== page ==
By Isaac Lorton
A sandwich is a beautiful thing — versatility, variety, deliciousness. Yet, White River Junction has been lacking a dedicated sandwich shop. Until now.
Childhood friends Kevin Halligan and Dee Sonthikoumanne are remedying that void with Funkalicious Market and Deli.
“Who doesn’t love a good sandwich?” Kevin asks with a smile. “Sandwiches are an everywhere thing,” he adds in his gentle, gravelly voice.
When you walk into Funkalicious, you are greeted by a palette of vibrancy. Bright colors splash the walls (in some places it is literally splattered) and quirky decorations catch your eye. There is a section dedicated to flamingos, one to air balloons and kites. A painted chicken sits on the window table, its legs dangling, and another smokes a cigarette above an image of Elvis. A sign that reads “Welcome to our beautiful chaos” is nestled between two sombreros and surrounded by a rainbow of splotches and little farm animal keepsakes. Kevin — wearing tie-dye patterned crocs — stands behind the glass cases where fresh seafood sits on ice, and dry-aged steaks and house-made sausages call out to home cooks and grill masters. Kevin says the decorations are a collection of “anything that caught my eye,” and hopes that the food will be that way too.
“We want to have fun with it,” he adds. “We want it to be comfortable but non-apologetic about this is who we are and this is what we do. Funky.”
And their food is just as vibrant, just as vivacious as the whirlwind of decorations.
The chicken curry sandwich is warm and sweet, tasting of coconut and their blend of spices. Along with crispy candied bacon, greens, and pickled veggies, it is wrapped up cozily in their house-made naan, which they make daily. Hopes are to make all of the bread in house, eventually.
The Cubano sandwich is smoky, rich, and sharp — tender smoked pork, pickled green tomatoes, gooey gruyere cheese, and mustard. For all of the sandwiches that have smoked meat, like the Cubano, it is smoked in house.
Their house tater tots are ginormous balls of shredded potato, deep fried and served with an “unctuous” XO sauce.
Kevin and Dee say they want to keep as many ingredients as fresh as possible. They have partnered with local farms for their veggies and meat, and get fresh seafood out of Boston. A friend provides turkeys and chickens, and Kevin currently raises his own Berkshire heritage pigs. They are hoping to eventually get their own land to grow and produce all of the food that people will eat at Funkalicious.
Kevin has maintained a farm-to-table ethos throughout his 30-plus-year career working in kitchens across the United States. A graduate of the New England Culinary Institute, Kevin is influenced by his work in restaurants in places like Tampa Bay, Cape Cod, and South Carolina.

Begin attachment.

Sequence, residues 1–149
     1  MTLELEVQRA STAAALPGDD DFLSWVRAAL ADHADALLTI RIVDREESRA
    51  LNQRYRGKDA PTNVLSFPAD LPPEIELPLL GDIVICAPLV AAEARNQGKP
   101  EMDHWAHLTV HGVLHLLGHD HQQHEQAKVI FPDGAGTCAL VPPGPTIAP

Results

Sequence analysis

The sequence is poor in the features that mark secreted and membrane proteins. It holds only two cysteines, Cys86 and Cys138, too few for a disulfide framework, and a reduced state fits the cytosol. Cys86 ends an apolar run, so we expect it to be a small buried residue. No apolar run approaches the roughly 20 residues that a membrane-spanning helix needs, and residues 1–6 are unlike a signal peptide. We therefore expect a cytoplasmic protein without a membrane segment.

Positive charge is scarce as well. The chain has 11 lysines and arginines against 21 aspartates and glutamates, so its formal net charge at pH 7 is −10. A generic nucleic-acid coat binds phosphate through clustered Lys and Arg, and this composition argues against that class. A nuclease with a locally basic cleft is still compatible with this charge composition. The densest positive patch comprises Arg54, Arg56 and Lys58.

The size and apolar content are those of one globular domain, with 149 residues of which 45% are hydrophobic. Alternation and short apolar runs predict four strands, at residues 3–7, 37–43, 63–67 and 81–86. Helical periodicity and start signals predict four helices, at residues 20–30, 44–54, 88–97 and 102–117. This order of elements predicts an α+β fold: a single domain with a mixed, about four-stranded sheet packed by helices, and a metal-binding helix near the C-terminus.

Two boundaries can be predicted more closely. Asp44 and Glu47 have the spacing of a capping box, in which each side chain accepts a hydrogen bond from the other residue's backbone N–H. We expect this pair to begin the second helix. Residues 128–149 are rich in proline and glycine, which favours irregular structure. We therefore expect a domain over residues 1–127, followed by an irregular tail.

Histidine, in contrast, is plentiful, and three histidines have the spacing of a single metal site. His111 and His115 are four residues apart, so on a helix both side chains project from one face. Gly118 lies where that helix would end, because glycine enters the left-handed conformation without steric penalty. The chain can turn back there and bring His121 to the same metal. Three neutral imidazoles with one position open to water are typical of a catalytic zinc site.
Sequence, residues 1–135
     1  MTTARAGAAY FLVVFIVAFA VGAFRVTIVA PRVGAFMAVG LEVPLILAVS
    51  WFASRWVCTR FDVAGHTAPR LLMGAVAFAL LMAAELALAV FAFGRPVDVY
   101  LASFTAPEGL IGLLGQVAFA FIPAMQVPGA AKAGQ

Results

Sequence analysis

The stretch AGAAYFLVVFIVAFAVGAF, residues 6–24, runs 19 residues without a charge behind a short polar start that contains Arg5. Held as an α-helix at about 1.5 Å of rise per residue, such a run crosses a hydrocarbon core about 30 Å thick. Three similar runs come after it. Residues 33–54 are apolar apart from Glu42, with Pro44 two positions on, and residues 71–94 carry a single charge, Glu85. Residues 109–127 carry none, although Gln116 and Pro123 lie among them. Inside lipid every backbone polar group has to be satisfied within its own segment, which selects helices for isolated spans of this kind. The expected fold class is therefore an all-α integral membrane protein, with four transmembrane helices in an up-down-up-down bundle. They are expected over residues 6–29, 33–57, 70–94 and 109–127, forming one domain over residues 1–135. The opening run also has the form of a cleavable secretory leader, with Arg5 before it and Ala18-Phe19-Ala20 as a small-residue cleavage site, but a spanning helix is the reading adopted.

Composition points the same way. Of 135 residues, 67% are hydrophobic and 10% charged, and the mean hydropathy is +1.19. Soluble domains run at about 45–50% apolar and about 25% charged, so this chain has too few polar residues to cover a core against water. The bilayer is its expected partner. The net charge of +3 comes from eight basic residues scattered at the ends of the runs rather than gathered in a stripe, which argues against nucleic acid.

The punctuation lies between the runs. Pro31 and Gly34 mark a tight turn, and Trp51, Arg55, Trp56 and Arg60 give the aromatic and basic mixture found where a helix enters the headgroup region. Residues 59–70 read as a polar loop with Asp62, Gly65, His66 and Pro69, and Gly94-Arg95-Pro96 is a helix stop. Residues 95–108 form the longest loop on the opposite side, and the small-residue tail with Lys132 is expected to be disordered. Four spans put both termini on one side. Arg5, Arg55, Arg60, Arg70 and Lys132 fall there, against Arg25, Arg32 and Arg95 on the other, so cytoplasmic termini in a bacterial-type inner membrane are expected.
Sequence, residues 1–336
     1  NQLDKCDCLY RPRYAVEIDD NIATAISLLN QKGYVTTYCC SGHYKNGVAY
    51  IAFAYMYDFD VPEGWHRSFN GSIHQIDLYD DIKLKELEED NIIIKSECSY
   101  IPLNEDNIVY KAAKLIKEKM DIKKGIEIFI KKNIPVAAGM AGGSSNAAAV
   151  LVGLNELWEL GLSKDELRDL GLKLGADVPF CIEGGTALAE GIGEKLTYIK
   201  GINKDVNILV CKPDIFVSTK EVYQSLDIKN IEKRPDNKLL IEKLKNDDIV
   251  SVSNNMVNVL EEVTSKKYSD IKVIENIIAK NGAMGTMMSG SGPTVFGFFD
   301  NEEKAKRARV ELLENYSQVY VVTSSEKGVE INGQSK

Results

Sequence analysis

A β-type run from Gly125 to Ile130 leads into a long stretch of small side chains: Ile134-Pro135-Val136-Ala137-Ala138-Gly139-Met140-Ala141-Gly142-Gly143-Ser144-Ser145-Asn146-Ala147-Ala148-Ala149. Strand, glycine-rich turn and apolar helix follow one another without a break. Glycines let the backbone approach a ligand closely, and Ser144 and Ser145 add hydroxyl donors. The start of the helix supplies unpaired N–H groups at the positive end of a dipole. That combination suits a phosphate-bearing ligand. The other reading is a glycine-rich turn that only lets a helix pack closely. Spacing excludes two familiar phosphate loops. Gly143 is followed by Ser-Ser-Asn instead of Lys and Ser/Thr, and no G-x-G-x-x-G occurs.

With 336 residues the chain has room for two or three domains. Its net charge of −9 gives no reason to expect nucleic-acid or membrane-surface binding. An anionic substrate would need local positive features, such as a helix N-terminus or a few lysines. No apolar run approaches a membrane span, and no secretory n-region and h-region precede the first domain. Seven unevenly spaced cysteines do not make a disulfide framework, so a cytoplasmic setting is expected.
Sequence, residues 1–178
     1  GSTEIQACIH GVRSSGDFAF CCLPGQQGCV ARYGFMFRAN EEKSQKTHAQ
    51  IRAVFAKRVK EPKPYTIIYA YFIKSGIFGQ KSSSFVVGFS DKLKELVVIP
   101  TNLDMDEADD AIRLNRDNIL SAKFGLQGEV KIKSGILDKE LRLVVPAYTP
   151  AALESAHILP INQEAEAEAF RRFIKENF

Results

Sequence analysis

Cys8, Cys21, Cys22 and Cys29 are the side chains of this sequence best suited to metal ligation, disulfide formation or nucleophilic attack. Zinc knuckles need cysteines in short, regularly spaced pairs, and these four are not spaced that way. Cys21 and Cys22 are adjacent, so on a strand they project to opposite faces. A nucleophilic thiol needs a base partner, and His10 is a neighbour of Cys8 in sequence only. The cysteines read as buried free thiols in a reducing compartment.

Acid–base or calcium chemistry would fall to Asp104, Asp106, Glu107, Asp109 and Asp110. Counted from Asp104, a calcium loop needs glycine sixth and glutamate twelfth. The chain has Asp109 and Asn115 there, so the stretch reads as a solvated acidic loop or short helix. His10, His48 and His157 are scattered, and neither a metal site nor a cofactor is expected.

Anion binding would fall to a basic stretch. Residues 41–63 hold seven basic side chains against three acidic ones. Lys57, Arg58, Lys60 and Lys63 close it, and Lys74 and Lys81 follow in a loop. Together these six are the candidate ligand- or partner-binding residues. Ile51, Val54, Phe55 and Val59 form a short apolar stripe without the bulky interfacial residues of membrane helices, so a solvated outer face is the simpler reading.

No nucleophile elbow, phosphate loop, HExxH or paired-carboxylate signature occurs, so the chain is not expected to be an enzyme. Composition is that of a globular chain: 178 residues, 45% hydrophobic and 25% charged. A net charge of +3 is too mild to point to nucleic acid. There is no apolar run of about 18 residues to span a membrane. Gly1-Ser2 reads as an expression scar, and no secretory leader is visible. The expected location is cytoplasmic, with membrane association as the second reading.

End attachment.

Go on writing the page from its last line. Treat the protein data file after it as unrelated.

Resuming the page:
“I’m all over the board in terms of flavor and influence,” Kevin says. “Since I spent some time in South Carolina, I tend to gravitate towards low-country style cooking. But then Dee is Laotian — so the laap and fish sauce — it ends up getting really fun. Different flavors coming together.”
The chicken larb (laap) is a Laotian dish. The chicken is shredded with herbs and mild chili peppers, which leaves you with a splendid and slight peppery aftertaste. The chicken salad rests on a pillowy house-made steamed bun and is covered in pickled veggies and scallions.
The pork dumplings are stuffed to the brim, the wrappers crunchy, and the sweet and savory soy aioli compliments it well.
In Laconia, Kevin and Dee — who is constantly smiling with energetic and eager generosity — were able to reconnect, picking back up from their middle school days, where Dee’s mom would cook for them, and share Laotian food and recipes.
“His mom’s cooked for me since we were little, I guess it’s always inspired me,” Kevin says. “She’s a great great great cook. So I guess there’s some of her influence.”
Back in the Lakes Region, Kevin owned a specialty meat and seafood market, as well as a farm-to-table restaurant and bakery. He hopes to bring all of this to Funkalicious.
“We have already done this and killed it — in Laconia, of all places,” Kevin says. “The food tastes better anyway with fresh ingredients, and that’s the bottom line. I think that’s what drives it.”
After some life changes, Kevin started visiting the area and saw the need for a market and deli in the already thriving food scene, with White River Junction being the “food destination” in the Upper Valley. They purchased the space in the old Kibby Equipment building, next to Standard Company Tattoo. Kevin brought along Tom, the butcher, whom he had worked with in Laconia, and they began to set up shop.
The pandemic delayed their projected opening of February/March 2020, but with some friends’ help, they were able to pull it together and opened on November 10th. Funkalicious offers sandwiches, soups, salads, and sides, as well as daily specials and meats. For now, it will be mostly takeout, Kevin said. After the pandemic, who knows?
When the juice bar next door was unable to get off the ground, Kevin and Dee swooped in to acquire the space. They had wanted to create a more upscale place, as well, and being able to use the same kitchen for both was ideal. The Chef and Butcher will be a small fine-dining restaurant, where the menu will change daily depending on that day’s ingredients. The opening date has not been determined yet.
From the humble sandwich to the classy supper with cocktails, and everything in between, Kevin and Dee will keep it funky and delicious.
Isaac Lorton is thrilled to be writing, editing, and photographing in the Twin State region. Simply, Isaac is happy to be here in this place at this moment with this group of people.